About Our Vermont Farm

Hens on Pasture, by Daniel Houghton

In the heart of Central Vermont, we are raising healthy (natural and sustainable), happy (free range and loved) animals and vegetables. In addition to raising tasty food, we provide a wonderful respite for visitors. Our Omnivore’s Farm Share provides local, organically managed meat (pork, chicken, turkey, lamb and goat), eggs, vegetables, and goat milk in a free-choice, year-round format. We also sell our products individually at the farm and local farmer’s market. We offer people the opportunity to experience a bit of farm life through lodging or events in our Barn Guest House or paid farm experiences, such as learning to milk, collecting eggs or being a farmer-in-training.

Overall, we are practicing relational farming, inviting members and visitors to share and enjoy our farm and its products.

Our Vision

We see a future within which Vermont persists as a global geotourism leader, and as a place where farms succeed by working with natural cycles, providing healthy food and creating stronger communities. An illustrative map depicts our vision.

Our Purpose

Green Mountain Girls Farm aims to contribute to a sustainability tipping point by being a successful small farm with a modest family of place-based enterprises. Together, these micro enterprises produce an alchemy which enriches our community; generates wealth to sustain us and our staff; and works with natural systems, restoring where possible.

What Value Do We Create?

We grow delicious food and celebrate this special place, restoring balance and connections for an expanding circle of people who share the Green Mountain Girls Farm. Integral to our success is ensuring that the farmers, land and community are thriving.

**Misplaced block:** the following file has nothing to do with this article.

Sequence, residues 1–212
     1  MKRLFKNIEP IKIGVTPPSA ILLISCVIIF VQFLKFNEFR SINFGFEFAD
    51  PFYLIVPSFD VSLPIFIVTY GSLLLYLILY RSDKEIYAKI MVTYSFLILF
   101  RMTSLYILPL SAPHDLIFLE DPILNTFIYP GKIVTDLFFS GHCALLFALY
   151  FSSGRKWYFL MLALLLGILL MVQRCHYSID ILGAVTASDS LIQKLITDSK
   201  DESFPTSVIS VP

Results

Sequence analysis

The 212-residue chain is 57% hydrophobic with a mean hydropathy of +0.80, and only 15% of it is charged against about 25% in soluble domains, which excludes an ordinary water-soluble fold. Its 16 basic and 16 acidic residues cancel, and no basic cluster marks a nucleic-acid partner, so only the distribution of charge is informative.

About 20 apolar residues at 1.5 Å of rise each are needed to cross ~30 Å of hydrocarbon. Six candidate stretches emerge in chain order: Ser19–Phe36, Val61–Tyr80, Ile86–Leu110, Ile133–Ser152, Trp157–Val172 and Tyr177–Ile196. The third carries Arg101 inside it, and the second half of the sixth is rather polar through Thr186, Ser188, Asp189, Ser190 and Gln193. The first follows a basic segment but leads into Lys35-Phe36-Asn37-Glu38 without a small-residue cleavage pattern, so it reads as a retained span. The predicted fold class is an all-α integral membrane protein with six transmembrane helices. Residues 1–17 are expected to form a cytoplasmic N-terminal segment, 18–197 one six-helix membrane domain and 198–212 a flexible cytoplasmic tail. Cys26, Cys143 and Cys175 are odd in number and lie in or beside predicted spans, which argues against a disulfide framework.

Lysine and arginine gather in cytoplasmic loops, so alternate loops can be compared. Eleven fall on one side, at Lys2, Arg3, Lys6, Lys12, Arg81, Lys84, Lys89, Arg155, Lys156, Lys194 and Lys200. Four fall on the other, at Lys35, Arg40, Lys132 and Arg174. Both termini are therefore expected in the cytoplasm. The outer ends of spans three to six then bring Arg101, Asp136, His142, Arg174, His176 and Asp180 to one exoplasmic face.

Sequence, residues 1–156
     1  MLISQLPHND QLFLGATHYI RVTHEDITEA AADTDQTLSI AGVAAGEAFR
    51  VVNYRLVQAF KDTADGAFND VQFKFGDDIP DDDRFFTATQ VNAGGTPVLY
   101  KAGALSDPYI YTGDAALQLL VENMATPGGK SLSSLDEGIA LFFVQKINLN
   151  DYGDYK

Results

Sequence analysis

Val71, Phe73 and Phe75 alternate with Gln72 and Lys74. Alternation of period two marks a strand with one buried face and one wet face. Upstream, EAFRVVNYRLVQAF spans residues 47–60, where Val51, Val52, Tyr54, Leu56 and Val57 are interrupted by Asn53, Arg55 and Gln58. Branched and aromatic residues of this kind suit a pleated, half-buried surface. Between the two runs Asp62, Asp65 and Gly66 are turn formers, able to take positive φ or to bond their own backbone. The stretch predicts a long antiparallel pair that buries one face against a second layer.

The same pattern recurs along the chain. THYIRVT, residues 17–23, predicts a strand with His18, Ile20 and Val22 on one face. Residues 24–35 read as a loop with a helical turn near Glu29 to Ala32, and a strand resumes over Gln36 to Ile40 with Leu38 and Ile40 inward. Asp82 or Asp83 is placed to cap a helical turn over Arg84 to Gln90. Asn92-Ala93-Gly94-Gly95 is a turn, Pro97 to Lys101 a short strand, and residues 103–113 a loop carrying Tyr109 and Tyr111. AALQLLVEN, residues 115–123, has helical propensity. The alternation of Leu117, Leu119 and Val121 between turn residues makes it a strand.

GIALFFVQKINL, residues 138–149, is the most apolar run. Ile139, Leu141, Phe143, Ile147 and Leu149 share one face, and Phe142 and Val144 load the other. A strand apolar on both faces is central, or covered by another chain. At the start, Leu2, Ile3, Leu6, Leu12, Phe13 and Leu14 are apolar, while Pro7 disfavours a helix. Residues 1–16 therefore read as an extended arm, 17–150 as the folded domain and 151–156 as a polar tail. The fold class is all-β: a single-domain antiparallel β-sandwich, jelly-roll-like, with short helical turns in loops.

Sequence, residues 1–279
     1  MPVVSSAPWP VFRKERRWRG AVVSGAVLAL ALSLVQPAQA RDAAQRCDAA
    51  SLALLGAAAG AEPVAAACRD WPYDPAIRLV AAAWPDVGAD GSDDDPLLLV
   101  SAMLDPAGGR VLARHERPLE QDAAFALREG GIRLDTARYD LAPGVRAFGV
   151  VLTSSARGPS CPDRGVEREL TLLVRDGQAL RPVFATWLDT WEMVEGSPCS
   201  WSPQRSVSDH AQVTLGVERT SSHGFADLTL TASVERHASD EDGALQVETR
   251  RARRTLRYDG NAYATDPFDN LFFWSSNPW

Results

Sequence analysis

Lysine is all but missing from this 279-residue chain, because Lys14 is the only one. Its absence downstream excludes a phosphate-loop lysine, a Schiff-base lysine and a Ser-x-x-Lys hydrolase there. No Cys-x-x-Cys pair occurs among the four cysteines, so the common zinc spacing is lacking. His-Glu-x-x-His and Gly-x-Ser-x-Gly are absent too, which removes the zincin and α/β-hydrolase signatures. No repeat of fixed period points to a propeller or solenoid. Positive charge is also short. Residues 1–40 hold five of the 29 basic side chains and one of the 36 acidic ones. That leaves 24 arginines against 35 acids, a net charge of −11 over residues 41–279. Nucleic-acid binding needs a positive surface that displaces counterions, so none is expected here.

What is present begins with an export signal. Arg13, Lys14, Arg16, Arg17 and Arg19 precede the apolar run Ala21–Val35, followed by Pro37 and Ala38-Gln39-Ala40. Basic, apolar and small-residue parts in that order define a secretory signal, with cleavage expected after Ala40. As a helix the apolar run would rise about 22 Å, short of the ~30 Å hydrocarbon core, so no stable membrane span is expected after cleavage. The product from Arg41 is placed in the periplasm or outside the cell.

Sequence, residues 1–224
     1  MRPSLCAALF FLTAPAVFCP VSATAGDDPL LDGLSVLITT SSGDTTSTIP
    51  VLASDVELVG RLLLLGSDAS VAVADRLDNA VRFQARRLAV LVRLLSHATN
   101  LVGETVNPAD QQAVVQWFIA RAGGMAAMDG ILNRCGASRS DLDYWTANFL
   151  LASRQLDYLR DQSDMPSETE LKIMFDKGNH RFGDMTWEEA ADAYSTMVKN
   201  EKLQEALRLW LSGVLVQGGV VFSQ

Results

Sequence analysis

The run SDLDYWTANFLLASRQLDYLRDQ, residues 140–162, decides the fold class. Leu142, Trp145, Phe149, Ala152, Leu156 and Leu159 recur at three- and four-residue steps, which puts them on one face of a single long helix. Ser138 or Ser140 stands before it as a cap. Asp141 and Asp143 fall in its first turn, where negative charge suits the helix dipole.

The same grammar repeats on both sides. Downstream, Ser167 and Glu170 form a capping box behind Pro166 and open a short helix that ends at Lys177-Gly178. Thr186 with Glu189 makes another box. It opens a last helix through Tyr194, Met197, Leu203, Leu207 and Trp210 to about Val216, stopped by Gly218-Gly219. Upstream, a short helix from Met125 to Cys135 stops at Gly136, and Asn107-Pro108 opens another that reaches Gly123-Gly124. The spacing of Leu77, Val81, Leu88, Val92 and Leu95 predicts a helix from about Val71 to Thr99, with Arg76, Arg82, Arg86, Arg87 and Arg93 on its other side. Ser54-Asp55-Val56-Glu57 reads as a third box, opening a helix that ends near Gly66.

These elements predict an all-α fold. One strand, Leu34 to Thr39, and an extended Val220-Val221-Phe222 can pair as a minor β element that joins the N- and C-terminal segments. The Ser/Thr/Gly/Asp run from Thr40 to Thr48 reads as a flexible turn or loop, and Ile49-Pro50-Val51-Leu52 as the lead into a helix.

Our Practices

We are not certified organic, but we manage our crops organically. Our livestock is pasture-raised, rotated regularly each week to fresh pasture. We feed organic grain with no growth hormones and generally follow organic standards.

Further, we employ practices that protect and enhance the natural systems on-which our farm depends, and support both human health and the ecology of our surroundings including:

  • Biointensive Gardens and Orchards: Managed organically, utilizing green manures, mulching, compost and integrated pest management. The site diversity will be exploited to grow a wide variety of annuals and perennials and, where possible, we will expand growing spaces using trellises, etc.
  • Forest Management Plan: Forest in the eastern half of the property will be managed for stream and forest biodiversity. Where possible without negative impacts, we will cut firewood and collect wildly harvested products for our home and business. Pockets of young succession forests (primarily poplar) which have encroached on former pasture will be cut, chipped and stockpiled for orchard and berry installation and maintenance.
  • Silviculture: Increase the productivity of pasture by integrating woody plant material to shade livestock, accumulate nutrients, produce more browse and fodder and firewood.
  • Pasture, Woodlands and Browse-scapes: Support organically managed livestock whose lifecycles and nutritional needs will be harmonized with the land characteristics. Our cultural identity as grass-farmers and browse-scapers reinforces prioritization of regeneration of the plants central to livestock production as they move regularly to fresh pasture or browse. Wetter areas will be developed for browse either to be harvested directly by animals during dry periods and/or by coppicing.
  • Soil and Fertility Building: Winter animal housing uses a bedded pack which is composted together with crop residuals to create a significant resource for gardens and pastures. Utilizing technical assistance from Highfields Center for Composting, we manage compost piles with tractor turning, temperature probes, and lab test samples to ensure a balanced compost product. Soil compaction will be alleviated by keyline plowing. That, together with a strong pasture management system, will increase biological and fungal complexity, enable better water absorption and dispersal, and ultimately result in deeper and more productive top soils.
  • Pest and Disease Control: Methods that protect surrounding ecosystems and human health. We minimize the spraying of all pesticides—even organically approved ones—and focus instead on physical, cultural, and biological pest control methods.
  • Food and Farmer Safety: We follow food-safety practices appropriate to the scale and nature of our farm. We create a culture of working safely amongst our team.
  • ‘Vegecation’: Finding the balance and telling the whole story: We want to produce and be known for delicious, high quality food, but also influence ideas about what quality really is.
Mari in the Field
Goat and Chicken